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Was the Loch Ness Monster invented by a PR agency?
The legend of a prehistoric creature prowling the depths of Loch Ness in the Scottish Highlands is up there with Bigfoot as perhaps the world’s most famous mythic beast.
It adds nearly £41 million a year to the Scottish economy.
But there’s ample evidence that Nessie is more PR than plesiosaur.
In his recent book, “The Unidentified: Mythical Monsters, Alien Encounters, and Our Obsession with the Unexplained,” Colin Dickey retells a confession of sorts from author David Garrity.
In the 1930s, Garrity worked at a publicity firm in London. One of his partners returned from holiday one year with a new client – a group of hotels near Loch Ness had agreed to pay the firm £50 to drum up a bit of publicity.
Garrity’s firm had recently worked with a realtor in Canada who claimed to have invented the Ogopogo – a lake monster said to live in Okanagan Lake in British Columbia.
Over a few beers, the partners hatched a plan to create their own mythic creature, and the Loch Ness Monster was born. The earliest newspaper article on Nessie dates back to April 1933, when an anonymous tipster reported seeing a “whale-like fish” in the waters of Loch Ness.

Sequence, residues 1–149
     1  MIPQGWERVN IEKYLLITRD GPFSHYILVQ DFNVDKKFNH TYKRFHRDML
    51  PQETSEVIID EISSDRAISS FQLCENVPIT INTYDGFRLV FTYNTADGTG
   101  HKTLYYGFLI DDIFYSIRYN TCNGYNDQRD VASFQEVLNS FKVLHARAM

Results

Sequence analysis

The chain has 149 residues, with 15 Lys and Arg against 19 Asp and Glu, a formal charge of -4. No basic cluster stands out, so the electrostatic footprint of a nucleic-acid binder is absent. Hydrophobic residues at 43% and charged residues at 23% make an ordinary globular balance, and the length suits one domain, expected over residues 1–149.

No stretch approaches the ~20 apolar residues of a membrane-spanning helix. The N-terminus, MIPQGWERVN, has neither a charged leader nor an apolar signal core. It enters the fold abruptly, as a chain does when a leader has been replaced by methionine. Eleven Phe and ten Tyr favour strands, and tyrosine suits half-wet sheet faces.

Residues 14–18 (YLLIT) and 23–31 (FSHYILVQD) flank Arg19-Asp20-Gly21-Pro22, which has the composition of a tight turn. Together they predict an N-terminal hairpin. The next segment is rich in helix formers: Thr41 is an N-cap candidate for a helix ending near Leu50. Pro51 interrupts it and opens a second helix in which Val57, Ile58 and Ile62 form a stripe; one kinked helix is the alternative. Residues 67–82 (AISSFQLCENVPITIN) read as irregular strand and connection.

Later, it was revealed that first report came from Aldie Mackay, manager of the nearby Drumnadrochit Hotel.
The Loch Ness Marketer
True believers are quick to point out that stories of a monster in Loch Ness date back to the Middle Ages. But there’s no doubt the legend has taken on a life of its own since that first round of media coverage nearly a century ago.
Despite numerous confessions and admitted hoaxes, the story can’t be killed, and tourists still flock to the loch.
Why does the Loch Ness Monster live on?
There’s the PR answer – books, TV specials, Ted Danson movies and more keep people searching, and efforts to debunk the monster do little curtail coverage with each new sighting.
But the Loch Ness Monster is also a lesson in the power of story. People yearn for stories that invite intrigue and suggest a more magical world.
As Dickey writes, “Some things matter more than proof.”